Linden Pohland, a fourth-year hospitality and tourism management major from Germantown, Wis., and president of the Hospitality Financial and Technology Professionals (HFTP) RIT Chapter, and Muhammet Kesgin, chapter adviser and assistant professor, Department of Hospitality and Tourism Management, presented “Student Engagement: Preparing Future Finance and Technology Leaders” at HFTP’s 65th annual convention in Orlando, Fla., on Oct. 26.


Bruce Austin, director of RIT Press and professor in the School of Communication, presented “Widescreen: Expanding the Research Agenda for Arts & Crafts” at the Frank Lloyd Wright and the Buffalo School of Arts and Crafts International Conference on Oct. 22 at the University at Buffalo.


KSV Santhanam, professor; Roman Press, visiting scientist; Massoud “Matt” Miri, associate professor; Alla Bailey, senior lecturer; and Gerald Takacs, professor, School of Chemistry and Materials Science, are co-authors of the book Introduction to Hydrogen Technology. The second edition was published in October and offers new chapters on hydrogen production, storage and batteries. The book is available as an e-book and instructor’s resource manual.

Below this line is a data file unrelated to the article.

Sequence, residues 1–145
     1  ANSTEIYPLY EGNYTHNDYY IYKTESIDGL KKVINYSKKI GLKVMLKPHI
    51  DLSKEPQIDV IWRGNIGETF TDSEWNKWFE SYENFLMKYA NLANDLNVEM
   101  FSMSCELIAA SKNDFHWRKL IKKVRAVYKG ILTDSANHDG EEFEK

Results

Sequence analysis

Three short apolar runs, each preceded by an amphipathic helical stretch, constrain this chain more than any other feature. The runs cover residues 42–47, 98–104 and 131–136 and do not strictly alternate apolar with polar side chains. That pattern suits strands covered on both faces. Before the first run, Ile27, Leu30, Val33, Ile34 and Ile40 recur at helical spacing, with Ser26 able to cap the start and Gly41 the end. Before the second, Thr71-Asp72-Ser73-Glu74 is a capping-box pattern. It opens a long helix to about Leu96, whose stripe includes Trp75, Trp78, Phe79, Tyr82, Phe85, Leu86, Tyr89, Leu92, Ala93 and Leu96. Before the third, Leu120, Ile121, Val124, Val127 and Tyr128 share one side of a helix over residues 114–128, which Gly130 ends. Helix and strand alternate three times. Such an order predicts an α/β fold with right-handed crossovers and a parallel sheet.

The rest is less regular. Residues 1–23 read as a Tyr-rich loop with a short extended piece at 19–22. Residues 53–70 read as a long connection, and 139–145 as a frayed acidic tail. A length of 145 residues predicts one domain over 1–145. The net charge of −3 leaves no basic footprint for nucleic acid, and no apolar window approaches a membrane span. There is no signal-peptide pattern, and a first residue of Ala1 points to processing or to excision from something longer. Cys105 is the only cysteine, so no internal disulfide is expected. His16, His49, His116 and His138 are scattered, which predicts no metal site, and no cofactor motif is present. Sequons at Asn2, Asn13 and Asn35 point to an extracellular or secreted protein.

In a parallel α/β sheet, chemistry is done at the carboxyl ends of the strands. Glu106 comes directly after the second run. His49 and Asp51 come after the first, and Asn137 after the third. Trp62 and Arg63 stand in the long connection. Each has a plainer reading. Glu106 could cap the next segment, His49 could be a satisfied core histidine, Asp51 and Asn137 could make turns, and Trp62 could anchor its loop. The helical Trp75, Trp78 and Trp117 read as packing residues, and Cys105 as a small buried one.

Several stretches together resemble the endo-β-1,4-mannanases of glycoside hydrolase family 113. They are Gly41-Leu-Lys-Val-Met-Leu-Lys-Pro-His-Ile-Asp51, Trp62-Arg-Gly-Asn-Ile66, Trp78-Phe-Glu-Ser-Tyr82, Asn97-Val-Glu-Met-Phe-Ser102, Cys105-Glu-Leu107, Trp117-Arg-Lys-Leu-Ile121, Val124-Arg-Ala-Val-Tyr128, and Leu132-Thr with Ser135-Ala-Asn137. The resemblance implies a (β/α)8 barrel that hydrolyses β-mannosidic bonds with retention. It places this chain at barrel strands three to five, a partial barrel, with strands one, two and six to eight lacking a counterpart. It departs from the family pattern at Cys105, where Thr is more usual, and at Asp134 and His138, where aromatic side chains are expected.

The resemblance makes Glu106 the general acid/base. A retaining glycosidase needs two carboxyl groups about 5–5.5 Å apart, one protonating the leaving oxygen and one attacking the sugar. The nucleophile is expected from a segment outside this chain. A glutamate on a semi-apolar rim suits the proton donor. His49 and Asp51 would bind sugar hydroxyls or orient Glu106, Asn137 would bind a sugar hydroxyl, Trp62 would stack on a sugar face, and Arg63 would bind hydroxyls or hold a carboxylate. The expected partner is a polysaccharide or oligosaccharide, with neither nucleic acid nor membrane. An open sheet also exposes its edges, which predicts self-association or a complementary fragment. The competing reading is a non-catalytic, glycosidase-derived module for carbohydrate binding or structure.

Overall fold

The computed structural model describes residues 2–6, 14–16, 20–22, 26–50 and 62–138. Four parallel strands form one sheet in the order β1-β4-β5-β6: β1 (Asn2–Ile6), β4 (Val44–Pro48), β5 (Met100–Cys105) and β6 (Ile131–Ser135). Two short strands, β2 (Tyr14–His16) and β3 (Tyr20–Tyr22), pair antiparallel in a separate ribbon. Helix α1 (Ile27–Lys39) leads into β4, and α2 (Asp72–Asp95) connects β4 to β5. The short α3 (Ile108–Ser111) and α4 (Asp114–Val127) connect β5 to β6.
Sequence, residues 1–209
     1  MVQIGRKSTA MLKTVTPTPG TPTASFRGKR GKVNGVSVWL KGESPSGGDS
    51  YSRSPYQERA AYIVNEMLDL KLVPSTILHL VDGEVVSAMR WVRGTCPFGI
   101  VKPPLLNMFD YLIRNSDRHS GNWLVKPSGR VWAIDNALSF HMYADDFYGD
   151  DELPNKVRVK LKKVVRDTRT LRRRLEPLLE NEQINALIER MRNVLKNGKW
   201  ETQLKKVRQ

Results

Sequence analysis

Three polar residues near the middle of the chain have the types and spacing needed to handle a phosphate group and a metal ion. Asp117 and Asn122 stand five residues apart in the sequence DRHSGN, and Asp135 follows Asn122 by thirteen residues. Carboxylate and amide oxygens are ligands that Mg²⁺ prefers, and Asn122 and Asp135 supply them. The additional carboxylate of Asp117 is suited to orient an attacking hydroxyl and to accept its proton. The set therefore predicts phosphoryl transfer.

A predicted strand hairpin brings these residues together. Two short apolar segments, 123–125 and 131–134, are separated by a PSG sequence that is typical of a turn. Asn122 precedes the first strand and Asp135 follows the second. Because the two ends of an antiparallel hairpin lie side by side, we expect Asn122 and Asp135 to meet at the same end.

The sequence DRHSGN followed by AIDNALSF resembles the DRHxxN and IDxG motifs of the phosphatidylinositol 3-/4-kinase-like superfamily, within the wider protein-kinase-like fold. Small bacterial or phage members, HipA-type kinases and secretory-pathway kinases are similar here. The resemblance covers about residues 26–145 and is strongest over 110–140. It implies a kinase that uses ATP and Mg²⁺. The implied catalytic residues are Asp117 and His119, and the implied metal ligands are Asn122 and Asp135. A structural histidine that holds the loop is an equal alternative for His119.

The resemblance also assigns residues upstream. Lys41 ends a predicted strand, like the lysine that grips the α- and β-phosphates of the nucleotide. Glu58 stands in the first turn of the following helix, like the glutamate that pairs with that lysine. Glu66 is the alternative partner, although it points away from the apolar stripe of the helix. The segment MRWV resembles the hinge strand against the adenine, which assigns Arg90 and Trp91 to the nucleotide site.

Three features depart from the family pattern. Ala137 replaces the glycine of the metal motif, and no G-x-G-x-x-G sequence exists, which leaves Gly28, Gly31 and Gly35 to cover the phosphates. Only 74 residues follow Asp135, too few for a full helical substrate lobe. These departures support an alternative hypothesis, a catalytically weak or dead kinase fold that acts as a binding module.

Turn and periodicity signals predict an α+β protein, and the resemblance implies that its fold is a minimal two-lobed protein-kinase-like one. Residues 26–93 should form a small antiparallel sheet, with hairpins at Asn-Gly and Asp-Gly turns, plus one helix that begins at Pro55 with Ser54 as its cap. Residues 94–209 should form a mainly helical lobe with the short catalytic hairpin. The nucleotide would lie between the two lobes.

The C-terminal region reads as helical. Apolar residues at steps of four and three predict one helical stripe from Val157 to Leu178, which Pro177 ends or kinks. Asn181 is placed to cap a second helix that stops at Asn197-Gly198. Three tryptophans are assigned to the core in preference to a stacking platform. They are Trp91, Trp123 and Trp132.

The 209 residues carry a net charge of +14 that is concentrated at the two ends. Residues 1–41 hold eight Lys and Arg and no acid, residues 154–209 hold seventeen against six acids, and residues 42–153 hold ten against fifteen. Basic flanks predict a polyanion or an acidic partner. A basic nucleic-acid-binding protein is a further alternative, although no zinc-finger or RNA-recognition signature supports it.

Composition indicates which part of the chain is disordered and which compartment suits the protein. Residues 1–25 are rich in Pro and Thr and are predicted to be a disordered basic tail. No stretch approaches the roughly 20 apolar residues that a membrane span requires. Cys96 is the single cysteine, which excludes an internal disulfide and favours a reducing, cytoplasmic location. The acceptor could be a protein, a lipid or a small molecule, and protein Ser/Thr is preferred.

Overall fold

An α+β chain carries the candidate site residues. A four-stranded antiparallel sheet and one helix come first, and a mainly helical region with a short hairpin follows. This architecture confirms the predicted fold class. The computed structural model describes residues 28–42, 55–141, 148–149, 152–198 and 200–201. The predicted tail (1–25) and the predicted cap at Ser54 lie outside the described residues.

Jonathan Ntheketha, senior assistant director for First Year Initiatives and Summer Bridge; Tina Chapman DaCosta, diversity theater program developer; and Tianna Mañon '15 (journalism and political science) were featured as panelists at the Little Theatre's Black Cinema Series showing of Get Out on Oct. 27.


Jessica Pardee, associate professor in the Department of Science, Technology and Society, authored Surviving Katrina (2014), which won the Mid-South Sociological Association's Stanford M. Lyman Distinguished Book Award for 2017 on Oct. 20.